As world leaders from South Asia gather for the final day of the 33rd Association of Southeast Asian Nations (ASEAN) summit in Singapore on Thursday, Myanmar and Bangladesh are slated to commence repatriation of Rohingya refugees, in a controversial move that raises concerns over the safety and security of returnees.
Over half a million Rohingya- a Muslim minority group in predominantly Buddhist Myanmar-poured into Bangladesh in 2016 and 2017, fleeing brutal scorched-earth campaigns waged by the Myanmar military in the wake of attacks by Rohingya insurgents. Hundreds of villages were razed.
Repatriations efforts are expected to begin on Thursday but the move has been widely decried by rights groups, INGOs and the UN as premature and dangerous, and contrary to the principle of a ‘safe, voluntary and dignified’ return. Under international law governing the treatment of refugees, returns must be voluntary, safe and dignified.
A senior US administration official told The National on Wednesday that Washington does not want to speculate as to whether such reparations would constitute refoulment. The US, however, is “anxious” to see a safe return, he said.
Myanmar is preparing to receive 2260 Rohingya refugees, who are among 8032, 2260 people eligible for return according to a list drafted by Bangladesh.
Myanmar has said that not all the names on the Bangladesh list are eligible for repatriation. The government says it has only been able to verify around 6,000.
Myanmar’s Ministry of Information has indicated they plan to process around 150 people per day, placing them in temporary housing near the border with Bangladesh.
Sources say that for many Rohingya whose names appeared on the initial list, the prospect of returning at this point — with no guarantees of security and scant details on how the process will be conducted — has sent them into hiding amidst the sprawling tent cities that have cropped up along the border.
A visible increase in the presence of Bangladeshi security forces was reported at the teeming camps inside Bangladesh on Wednesday, prompting fears that potential returnees may face pressure to leave.
The plight of the Rohingya- a beleaguered stateless minority- grabbed the spotlight at this year’s ASEAN summit, after a UN Fact Finding Mission said that Myanmar security forces should be tried in International Criminal Court on charges of genocide, crimes against humanity and war crimes.
A unified regional call for justice and accountability may well prove elusive, with the ASEAN chair’s leaked draft speech indicating the bloc would endorse Myanmar’s internally appointed investigation commission.
In a brief meeting between US Vice President Mike Pence and State Counsellor Aung San Suu Kyi on the sidelines of the summit on Wednesday, Pence said the “violence and persecution by military and vigilantes” that resulted in the exodus of 700,000 Rohingya to Bangladesh was “without excuse.”
Pence asked a question about progress on accountability for atrocities, as well as the preparations for repatriation.
Aung San Suu Kyi’s responded to the harsh rebuke by saying that people must “learn to understand each other better.”
“We can say that we understand our country better than any other country does. And I'm sure you will say the same of yours, that you understand your own country better than anybody else does,” she said. “We welcome all friends to help us and support us in everything that we are doing to make our country a safer and more prosperous place for everybody concerned.”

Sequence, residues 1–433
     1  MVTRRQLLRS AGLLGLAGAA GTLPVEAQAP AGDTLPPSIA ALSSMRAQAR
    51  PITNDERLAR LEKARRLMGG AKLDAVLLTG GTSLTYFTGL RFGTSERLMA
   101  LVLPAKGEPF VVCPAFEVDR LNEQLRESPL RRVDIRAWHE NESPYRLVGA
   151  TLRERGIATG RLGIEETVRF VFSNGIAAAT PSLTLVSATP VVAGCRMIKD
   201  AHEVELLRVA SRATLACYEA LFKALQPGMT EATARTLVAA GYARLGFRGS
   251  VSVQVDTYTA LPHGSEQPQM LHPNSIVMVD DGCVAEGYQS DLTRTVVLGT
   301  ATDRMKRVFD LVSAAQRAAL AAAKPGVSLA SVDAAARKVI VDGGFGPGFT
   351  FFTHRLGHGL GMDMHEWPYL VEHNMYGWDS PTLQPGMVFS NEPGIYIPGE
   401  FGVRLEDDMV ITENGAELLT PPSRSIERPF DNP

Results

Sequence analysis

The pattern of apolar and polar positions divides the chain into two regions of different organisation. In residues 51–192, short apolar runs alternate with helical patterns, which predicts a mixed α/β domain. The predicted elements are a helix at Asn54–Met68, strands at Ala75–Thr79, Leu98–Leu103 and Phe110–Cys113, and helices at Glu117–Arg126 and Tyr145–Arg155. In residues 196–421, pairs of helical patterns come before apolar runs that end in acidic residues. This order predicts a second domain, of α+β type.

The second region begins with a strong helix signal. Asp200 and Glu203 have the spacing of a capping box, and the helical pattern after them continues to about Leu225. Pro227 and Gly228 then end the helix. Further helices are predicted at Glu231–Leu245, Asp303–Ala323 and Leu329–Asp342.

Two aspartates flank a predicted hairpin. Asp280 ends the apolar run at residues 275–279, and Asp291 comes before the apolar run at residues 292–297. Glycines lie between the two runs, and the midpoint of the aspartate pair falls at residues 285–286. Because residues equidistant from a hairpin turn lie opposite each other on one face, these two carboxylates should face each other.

Former MP for the military-backed Union Solidarity Development Party U Shwe Maung, a Rohingya who now lives in exile, told The National that he feels as though history is repeating itself, referring to two previous waves of mass displacement.
“This so-called repatriation is not genuine. [Myanmar is] still clearly denying fundamental rights of Rohingyas,” he said. “We learned lessons from 1978 and 1994 repatriations. I think this is to puncture international pressure and detour the UN’s path to finding a sustainable solution for Rohingyas.”
The UNHCR this week issued a statement saying it would not condone or support a protracted internment in northern Rakhine, a poor and densely populated state in Myanmar that contains the highest concentration of Rohingya in the country.
Elsewhere in Rakhine State, over 100,000 Rohingya remain interned in camps, six years after a wave of violence led to their mass displacement. Tens of thousands more are confined to their villages.
“As it stands, returning Rohingya to Rakhine State means returning them to a situation where their rights will be routinely violated,” says Laura Haigh, Myanmar researcher for Amnesty International.
“Movement restrictions mean they can't travel freely, and as a result [they] struggle to access schools, hospitals and markets. What’s more, the security forces responsible for atrocities have yet to be held to account. Returns, in this context, would not be safe, dignified or sustainable,” she said.
One civil servant in northern Rakhine State told The National on condition of anonymity that Myanmar is facing dual pressure- to commence repatriations but also to ensure that returns aren’t premature.
Small-scale demonstrations have taken place in northern Rakhine State in protest against the prospect of a mass return. State media reported that informal discussions were held with recognised ethnic minorities about the repatriation process.
For Maung Soe, a Rohingya inside northern Rakhine State, for whom fleeing was not a viable option, conditions remain dire.
“Hunger, no healthcare, innocents [being arrested], extortion, no free movement, no access to work, to go anywhere, no education ... no justice,” he said, summing up the situation faced by villagers in the locked-down northwest.
For John Quinley, a researcher with Fortify Rights on the ground in Cox’s Bazaar on Wednesday, the situation was clear: “Repatriation at this time is refoulement.”